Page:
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Why the UN moved the greenhouse gas goalposts

As governments prepare to discuss a global climate deal in Paris aimed at curbing global warming, a new UN report eases the goal for greenhouse gas emissions.

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    Fog and smog swallow up the top of the Eiffel Tower in Paris, Monday, Nov. 2, 2015. The UN's environmental authority has quietly raised its assessment of the level global greenhouse gas emissions can reach in 2020 while still avoiding dangerous climate change, ahead of the Paris climate summit scheduled for late November.
    Jacques Brinon/AP
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When world leaders meet in Paris later this month to hammer out a new international treaty on climate change, their goal will be limiting the rise in global temperatures to 2 degrees Celsius (3.6 degrees F.), the point after which, scientists say, disastrous climate change will be nearly unavoidable.

In pursuit of this goal, the UN’s environmental authority said that emissions of greenhouse gases must not exceed 44 billion tons in 2020, in their annual reports published in 2010, 2011, 2012, and 2013.

But in 2014, that changed. With concentrations of nearly all the major greenhouse gases rising at dramatically higher rates, the United Nations Environment Program downplayed its focus on 2020 as a make-or-break year for emissions reductions.

The original numbers were "no longer realistic," explained UNEP chief scientist Jacqueline McGlade.

In this year's Emissions Gap report, the UNEP adjusted this assessment level to 52 billion tons by 2020. They say the new goal is still consistent with the 2-degree target, as long as emissions fall to 48 billion tons by 2025 and 42 by 2030.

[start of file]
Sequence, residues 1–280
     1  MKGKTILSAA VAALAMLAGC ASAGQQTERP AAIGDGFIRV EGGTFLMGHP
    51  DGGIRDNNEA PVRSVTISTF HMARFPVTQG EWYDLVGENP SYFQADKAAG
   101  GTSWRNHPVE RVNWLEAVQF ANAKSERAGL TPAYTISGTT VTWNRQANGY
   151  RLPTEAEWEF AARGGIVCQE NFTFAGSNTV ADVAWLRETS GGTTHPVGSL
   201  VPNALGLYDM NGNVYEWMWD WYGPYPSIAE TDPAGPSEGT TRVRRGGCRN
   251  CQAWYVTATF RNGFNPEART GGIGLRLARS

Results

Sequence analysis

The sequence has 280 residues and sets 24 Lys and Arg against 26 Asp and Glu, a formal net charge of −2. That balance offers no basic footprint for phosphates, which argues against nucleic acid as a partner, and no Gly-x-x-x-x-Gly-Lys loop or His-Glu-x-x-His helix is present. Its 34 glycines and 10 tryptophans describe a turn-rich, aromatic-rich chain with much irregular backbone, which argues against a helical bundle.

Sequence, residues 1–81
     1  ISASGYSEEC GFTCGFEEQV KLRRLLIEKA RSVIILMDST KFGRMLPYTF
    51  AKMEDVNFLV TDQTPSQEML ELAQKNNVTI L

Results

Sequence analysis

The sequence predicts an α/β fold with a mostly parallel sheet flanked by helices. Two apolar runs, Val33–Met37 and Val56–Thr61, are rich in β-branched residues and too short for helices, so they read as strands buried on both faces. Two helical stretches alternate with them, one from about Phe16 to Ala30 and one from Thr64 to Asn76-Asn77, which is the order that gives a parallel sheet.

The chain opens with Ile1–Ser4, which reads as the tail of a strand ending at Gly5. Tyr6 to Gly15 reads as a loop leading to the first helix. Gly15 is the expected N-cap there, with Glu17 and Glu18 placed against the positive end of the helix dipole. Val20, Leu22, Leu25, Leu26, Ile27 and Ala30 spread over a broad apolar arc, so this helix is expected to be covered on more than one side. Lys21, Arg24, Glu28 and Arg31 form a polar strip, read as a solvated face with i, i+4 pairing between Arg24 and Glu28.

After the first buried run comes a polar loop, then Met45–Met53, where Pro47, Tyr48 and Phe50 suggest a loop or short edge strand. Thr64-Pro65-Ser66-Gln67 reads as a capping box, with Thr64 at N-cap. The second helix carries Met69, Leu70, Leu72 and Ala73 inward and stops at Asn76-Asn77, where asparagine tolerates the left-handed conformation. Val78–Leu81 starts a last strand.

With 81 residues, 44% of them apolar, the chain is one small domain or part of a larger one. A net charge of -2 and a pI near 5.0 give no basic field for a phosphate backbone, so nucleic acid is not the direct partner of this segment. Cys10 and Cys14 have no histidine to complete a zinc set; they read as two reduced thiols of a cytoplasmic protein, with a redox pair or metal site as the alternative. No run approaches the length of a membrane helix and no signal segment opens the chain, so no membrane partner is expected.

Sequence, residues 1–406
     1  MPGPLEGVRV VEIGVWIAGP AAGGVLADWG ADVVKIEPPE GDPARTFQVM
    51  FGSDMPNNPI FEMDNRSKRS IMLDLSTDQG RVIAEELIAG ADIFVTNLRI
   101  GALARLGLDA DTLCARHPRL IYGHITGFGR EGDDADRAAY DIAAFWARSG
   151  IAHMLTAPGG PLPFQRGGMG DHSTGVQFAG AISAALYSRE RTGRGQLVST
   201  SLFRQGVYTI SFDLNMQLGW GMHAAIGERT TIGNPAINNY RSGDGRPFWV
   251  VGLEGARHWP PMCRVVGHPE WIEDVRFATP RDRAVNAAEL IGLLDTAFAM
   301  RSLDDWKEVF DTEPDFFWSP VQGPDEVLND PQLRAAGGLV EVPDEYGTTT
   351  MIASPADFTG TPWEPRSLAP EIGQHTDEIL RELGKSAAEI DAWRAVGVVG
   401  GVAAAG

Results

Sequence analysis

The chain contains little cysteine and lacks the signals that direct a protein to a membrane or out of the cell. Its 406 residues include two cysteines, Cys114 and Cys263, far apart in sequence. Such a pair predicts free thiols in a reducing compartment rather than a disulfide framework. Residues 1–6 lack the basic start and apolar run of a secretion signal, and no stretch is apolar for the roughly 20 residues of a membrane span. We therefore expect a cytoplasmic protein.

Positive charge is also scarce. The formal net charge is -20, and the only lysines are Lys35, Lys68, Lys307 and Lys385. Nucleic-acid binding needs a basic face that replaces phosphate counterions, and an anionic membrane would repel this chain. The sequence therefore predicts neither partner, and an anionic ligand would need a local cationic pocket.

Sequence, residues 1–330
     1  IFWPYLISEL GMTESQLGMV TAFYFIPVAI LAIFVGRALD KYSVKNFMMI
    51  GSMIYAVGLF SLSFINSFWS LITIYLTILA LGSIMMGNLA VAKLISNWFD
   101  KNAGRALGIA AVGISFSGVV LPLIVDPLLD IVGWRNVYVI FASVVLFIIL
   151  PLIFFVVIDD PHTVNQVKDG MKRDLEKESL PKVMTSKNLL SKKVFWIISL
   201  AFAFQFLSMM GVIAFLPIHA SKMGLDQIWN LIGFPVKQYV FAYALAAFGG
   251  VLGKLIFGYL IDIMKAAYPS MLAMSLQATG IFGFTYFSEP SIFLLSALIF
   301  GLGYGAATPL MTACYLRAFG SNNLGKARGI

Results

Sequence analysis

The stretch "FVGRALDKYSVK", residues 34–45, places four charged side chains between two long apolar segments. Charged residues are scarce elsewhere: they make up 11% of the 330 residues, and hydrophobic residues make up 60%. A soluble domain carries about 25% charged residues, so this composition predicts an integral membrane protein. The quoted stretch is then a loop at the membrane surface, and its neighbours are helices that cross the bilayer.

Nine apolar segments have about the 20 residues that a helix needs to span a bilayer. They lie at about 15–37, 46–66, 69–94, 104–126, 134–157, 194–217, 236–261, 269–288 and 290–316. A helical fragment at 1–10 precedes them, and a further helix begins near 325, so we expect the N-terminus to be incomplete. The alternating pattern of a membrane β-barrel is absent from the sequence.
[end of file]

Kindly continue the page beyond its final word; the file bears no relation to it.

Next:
In addition, the new UN analysis assumes that emissions cuts will drop faster after 2030 than was assumed in previous reports.

"The challenge is to bend the emissions trajectory down as soon as possible to ensure that the net zero emissions goal in 2060-2075 is within reach," the UN’s environmental program said in a press release.

The new numbers might be painting too rosy a picture, say critics.

"The emissions gap report gives the questionable impression that despite increasing emissions there's always a way to reach the 2C target," said Oliver Geden, of the German Institute for International and Security Affairs in Berlin.

Last week, Christiana Figueres, executive secretary of the United Nations Framework Convention on Climate Change, said at a Monitor-hosted event that current national climate pledges are not enough to keep human-induced climate change in check.

"But countries can – and must – do more to cut heat-trapping emissions sooner rather than later," Cristina Maza reported for The Christian Science Monitor.

"The risks from global warming are so unmanageable, the human cost so unpardonable, and the economic uncertainty so complete, that keeping global warming within a generally agreed upon safe range is crucial for global stability," Ms. Figueres said....

"We have to be able to admit publicly, privately, and everything in between that those 157 national climate change plans do not constitute enough emissions reductions to put us onto the path of 2 degrees [C]," Figueres said, referring to a level of warming above preindustrial levels that scientists believe is relatively safe.

"However, what they do do is get us off of the business-as-usual trajectory that we were on just four or five years ago to a temperature increase of 4 or 5 degrees, and by some estimates, even 6 degrees," she added.

The UN reports that 146 countries, representing 85 to 88 percent of global greenhouse gas emissions, had submitted their national climate change strategies as of October 1 – but their projected emissions are still too high to meet the UNEP goals.

Even if all 146 nations meet their self-determined emissions levels, that adds up to 56 billion tons of greenhouse emissions in 2030, 33 percent higher than UNEP's newly eased goals.

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